Nature (Genetics) or nurture (environment)? Historically it has been indicated that there are racial differences in terms of MS susceptibility, which was considered to be a white anglo-saxon condition. However, come to Barts and you can see that idea is a load of Tosh and MS comes in every flavour and we have a very diverse range of people affected by this condition. In this study from USA emerging data indicates that MS does not respect skin colour.
Langer-Gould AM, Gonzales EG, Smith JB, Li BH, Nelson LM. Racial and Ethnic Disparities in Multiple Sclerosis Prevalence. Neurology. 2022 Apr 28:10.1212/WNL.0000000000200151. doi: 10.1212/WNL.0000000000200151. PMID: 35483901.
Objective: To determine whether the prevalence of multiple sclerosis (MS) varies by race and ethnicity.
Methods: We conducted a retrospective cohort study of more than 2.6 million adults from the multiethnic, community-dwelling members of Kaiser Permanente Southern California. The complete electronic health record of individuals with at least one ICD9 code for MS between January 1, 2008 to December 31, 2010 were reviewed. MS prevalence and 95% confidence intervals (CI) stratified by age-, sex- and race and ethnicity among 2010 members were estimated using binomial regression. Age- and sex-standardized prevalence was estimated according to the 2010 US Census population.
Results: We identified 3863 patients with MS. The average age of prevalent MS patients was 51.7 years (standard deviation, 13.1) and 76.8% were women. The female preponderance was more pronounced among Black (81.2%) and Asian (83.6%) than White (76.3%) or Hispanic (74.5%) individuals with MS. Age- and sex-standardized MS prevalence per 100,000 was similarly high among Black (225.8, 95%CI=207.1-244.5) and White (237.7, 95%CI=228.2-247.2) and significantly lower among Hispanic (69.9, 95%CI=64.4-75.5) and Asian persons (22.6, 95%CI=17.1-28.1). MS prevalence was highest between the ages of 35 and 64 years and declined after 65, across all racial and ethnic groups. Among adults ages 18-24, crude MS prevalence was low, but was highest among Black and Hispanic young adults, lower in White and lowest in Asian/PI individuals (48.5, 25.0, 18.0 and 7.1/100,000, respectively).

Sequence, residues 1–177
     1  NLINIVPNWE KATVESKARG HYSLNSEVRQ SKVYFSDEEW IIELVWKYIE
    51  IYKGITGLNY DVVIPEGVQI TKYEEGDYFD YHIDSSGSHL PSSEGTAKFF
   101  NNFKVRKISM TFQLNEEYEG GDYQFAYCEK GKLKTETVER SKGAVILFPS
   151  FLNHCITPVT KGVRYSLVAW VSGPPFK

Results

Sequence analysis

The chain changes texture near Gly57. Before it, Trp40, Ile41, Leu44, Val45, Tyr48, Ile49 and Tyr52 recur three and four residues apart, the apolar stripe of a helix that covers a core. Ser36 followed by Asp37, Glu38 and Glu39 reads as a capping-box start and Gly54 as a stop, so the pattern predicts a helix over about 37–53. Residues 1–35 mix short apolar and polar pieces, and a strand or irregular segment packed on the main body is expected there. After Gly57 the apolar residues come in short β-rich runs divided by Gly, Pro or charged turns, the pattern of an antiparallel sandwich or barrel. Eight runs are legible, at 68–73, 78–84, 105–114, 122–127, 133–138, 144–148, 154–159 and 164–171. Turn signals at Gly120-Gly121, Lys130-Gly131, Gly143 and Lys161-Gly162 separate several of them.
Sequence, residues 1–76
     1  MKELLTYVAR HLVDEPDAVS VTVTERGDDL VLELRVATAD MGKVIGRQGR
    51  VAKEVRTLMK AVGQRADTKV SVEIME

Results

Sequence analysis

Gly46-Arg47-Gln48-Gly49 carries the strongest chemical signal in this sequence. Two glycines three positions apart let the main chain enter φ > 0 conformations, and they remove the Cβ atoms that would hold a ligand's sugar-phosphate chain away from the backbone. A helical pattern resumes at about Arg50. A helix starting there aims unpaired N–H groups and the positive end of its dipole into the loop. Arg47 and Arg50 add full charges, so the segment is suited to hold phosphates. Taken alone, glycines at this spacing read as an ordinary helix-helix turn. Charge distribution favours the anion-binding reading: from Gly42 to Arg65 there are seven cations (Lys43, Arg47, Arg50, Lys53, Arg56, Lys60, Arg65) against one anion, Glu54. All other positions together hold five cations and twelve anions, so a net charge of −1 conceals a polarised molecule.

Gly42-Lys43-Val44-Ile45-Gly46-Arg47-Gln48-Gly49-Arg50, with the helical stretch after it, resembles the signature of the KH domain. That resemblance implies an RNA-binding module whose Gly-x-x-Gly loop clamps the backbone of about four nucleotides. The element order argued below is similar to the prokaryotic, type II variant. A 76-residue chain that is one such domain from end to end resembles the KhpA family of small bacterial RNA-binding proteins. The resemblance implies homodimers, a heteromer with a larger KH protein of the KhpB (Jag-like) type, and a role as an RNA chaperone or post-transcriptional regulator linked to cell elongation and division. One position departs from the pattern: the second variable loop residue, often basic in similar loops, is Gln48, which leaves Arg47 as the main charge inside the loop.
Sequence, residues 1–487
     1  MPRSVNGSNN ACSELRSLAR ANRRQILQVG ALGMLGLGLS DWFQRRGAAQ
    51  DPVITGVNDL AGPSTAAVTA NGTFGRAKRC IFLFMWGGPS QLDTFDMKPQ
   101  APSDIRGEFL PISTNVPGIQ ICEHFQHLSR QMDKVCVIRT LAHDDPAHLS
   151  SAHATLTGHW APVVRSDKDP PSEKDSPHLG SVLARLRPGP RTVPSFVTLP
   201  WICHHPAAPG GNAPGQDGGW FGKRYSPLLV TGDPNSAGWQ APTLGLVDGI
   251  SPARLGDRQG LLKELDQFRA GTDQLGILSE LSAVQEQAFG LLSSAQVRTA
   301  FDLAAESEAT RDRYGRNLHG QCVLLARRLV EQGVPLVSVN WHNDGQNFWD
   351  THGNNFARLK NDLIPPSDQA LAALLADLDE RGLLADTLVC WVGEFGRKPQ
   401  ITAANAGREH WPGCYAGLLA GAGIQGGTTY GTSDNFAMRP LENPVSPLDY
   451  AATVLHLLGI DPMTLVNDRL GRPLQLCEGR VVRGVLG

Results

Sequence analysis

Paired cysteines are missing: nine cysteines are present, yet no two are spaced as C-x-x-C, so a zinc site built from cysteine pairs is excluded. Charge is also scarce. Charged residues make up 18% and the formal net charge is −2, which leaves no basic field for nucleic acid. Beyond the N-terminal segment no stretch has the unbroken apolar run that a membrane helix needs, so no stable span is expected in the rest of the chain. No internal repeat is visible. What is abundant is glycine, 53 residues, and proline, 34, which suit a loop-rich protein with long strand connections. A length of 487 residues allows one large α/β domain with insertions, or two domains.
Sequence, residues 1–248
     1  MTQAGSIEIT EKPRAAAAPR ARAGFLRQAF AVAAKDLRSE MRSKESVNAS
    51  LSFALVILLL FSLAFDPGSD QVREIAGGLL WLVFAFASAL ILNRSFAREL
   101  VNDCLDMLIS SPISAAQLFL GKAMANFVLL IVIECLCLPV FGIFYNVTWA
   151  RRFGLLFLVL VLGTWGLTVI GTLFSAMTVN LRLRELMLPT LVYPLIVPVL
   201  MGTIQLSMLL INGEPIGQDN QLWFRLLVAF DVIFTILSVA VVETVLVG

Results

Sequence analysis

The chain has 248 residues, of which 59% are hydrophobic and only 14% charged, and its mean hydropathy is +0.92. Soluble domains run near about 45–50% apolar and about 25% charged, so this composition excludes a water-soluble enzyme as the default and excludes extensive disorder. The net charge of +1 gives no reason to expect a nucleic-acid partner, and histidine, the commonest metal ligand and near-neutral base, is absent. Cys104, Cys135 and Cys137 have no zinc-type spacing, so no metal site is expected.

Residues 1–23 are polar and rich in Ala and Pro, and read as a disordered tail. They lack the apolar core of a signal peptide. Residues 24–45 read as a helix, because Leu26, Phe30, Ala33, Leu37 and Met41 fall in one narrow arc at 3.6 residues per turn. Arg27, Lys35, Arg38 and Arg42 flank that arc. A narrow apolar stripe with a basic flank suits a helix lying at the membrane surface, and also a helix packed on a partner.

Conclusions: MS prevalence varies by race and ethnicity, being similarly high in White and Black and significantly lower in Hispanic and Asian persons in Southern California. Taken together with previous studies, these findings indicate that the burden of MS in the US Black community has long been under-recognized. More studies are needed to determine whether MS is an emerging disease among US Hispanic adults and whether MS susceptibility and prevalence vary among Hispanic or Asian individuals from different cultures and/or ancestral backgrounds.